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Company thanks customers as well as local, state officials for partnership and support
Submitted by National Grid
National Grid would like to thank its local, state and national partners who have helped clear access so that the company’s field force could reach customers after an historic blizzard resulted in 108,000 Western New York customers losing power. As part of its emergency response, National Grid deployed more than 3,200 restoration experts – including line, service, tree, damage assessment and public safety workers – and expects the approximately 158 customers who remain without service because of this storm to have power restored today.
“We thank our customers for their support and patience, and we are incredibly grateful to all first responders, and the state and local agencies who have come together to help our neighbors in need,” said Rudy Wynter, National Grid’s New York president. “We can’t thank local leaders enough for assisting our teams in reaching damaged equipment in need of repair, and by sharing their insights and knowledge of the neighborhoods and communities affected. We want every customer to know that all of us at National Grid will not stop until every customer’s power is restored, and we will be here long after the lights are back on to help this community recover.”
The destructive combination of sustained high winds and heavy snow caused significant damage to National Grid’s electricity system. The company’s massive field force, the largest in Western New York history, was assisted by a team of logistics experts who ensured crews had the resources and accommodations they needed to deliver for our customers.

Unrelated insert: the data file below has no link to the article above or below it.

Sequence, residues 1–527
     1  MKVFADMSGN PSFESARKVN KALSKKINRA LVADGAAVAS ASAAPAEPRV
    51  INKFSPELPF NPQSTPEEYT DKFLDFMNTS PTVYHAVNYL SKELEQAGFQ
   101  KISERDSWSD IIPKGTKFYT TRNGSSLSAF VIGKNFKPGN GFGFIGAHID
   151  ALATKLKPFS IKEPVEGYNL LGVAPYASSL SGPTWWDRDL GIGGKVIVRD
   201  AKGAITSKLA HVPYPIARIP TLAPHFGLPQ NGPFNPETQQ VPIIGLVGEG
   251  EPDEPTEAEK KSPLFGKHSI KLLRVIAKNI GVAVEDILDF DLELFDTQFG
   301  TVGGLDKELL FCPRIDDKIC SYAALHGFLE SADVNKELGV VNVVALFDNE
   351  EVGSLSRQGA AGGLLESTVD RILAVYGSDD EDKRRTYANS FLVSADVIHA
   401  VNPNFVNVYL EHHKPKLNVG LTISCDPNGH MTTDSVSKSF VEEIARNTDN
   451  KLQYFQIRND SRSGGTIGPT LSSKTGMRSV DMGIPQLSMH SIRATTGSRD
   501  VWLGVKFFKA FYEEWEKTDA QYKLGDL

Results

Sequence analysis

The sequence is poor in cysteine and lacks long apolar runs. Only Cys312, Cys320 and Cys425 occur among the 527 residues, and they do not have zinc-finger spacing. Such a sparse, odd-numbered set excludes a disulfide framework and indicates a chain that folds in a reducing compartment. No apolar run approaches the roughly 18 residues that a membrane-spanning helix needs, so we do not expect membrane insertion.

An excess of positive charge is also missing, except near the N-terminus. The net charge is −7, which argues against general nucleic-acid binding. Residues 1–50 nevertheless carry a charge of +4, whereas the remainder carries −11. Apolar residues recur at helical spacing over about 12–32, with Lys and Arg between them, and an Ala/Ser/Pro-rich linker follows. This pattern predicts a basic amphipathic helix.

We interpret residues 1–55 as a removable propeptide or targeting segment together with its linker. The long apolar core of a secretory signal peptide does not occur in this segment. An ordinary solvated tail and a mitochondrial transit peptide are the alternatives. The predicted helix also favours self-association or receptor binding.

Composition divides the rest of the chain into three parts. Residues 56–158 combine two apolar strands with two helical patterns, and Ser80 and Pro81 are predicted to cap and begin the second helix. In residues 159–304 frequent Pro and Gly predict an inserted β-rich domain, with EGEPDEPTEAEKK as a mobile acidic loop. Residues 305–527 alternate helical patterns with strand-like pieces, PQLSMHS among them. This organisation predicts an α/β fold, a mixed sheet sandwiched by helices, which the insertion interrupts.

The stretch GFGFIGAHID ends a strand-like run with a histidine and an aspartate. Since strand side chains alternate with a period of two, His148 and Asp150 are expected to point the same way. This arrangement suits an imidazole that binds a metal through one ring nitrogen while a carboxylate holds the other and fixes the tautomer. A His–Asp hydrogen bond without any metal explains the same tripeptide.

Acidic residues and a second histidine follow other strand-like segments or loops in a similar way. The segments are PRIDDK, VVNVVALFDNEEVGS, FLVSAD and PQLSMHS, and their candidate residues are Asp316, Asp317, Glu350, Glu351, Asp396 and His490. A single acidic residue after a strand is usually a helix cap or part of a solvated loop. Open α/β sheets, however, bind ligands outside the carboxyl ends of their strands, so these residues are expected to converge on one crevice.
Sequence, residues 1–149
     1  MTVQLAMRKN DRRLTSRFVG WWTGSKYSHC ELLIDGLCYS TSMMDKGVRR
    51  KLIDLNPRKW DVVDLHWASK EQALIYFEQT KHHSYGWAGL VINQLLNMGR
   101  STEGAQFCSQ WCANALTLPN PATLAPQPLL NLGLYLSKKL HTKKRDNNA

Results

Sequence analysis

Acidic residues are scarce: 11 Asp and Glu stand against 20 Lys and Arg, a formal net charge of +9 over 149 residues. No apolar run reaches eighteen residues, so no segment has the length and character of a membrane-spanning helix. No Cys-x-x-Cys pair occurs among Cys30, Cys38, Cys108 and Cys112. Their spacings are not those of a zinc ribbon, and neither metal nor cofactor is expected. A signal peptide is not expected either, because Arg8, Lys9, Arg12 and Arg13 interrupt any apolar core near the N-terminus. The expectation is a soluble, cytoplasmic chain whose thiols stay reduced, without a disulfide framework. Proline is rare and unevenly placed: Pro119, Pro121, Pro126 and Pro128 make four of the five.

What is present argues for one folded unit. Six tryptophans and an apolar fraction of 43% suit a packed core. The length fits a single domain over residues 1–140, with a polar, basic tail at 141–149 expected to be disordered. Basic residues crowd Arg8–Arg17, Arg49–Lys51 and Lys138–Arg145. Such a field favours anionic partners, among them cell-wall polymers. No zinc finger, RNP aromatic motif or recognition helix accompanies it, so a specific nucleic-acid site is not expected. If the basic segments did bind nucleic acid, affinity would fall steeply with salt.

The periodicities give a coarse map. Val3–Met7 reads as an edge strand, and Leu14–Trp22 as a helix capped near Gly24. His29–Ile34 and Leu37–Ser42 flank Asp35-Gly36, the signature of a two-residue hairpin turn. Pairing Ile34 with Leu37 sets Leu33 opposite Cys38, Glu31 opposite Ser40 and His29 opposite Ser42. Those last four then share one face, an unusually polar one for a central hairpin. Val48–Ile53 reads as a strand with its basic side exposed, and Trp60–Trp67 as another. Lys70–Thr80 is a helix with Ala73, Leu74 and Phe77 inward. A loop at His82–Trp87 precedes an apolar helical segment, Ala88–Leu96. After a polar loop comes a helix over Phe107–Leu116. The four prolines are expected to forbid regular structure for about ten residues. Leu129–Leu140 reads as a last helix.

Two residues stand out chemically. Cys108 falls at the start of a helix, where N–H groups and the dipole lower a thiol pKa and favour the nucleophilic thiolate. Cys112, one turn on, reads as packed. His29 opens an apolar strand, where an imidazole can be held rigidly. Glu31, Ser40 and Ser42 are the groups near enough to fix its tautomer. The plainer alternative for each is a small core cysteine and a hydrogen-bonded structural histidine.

Power is being consistently restored to customers in the region, and estimated times of restoration are updated on the company’s Outage Central site. Additionally, customers can check on the power restoration estimates for their specific addresses by visiting our “Report or Check an Outage” page.
Customers who remain without power when their neighbors have been restored should call National Grid at 1-800-867-5222.
Claims Process for Food and/or Medication Spoilage
Residential customers who experienced an outage lasting more than 72 consecutive hours due to this storm may be eligible for reimbursement for food and/or prescription medication spoilage. Reimbursement claims for qualifying customers must be submitted by Jan. 10, 2023, and include an itemized list and proof of loss. Click here for additional details and National Grid’s online claim form. Claims also can be submitted through the U.S. Postal Service or by calling 315-428-3370.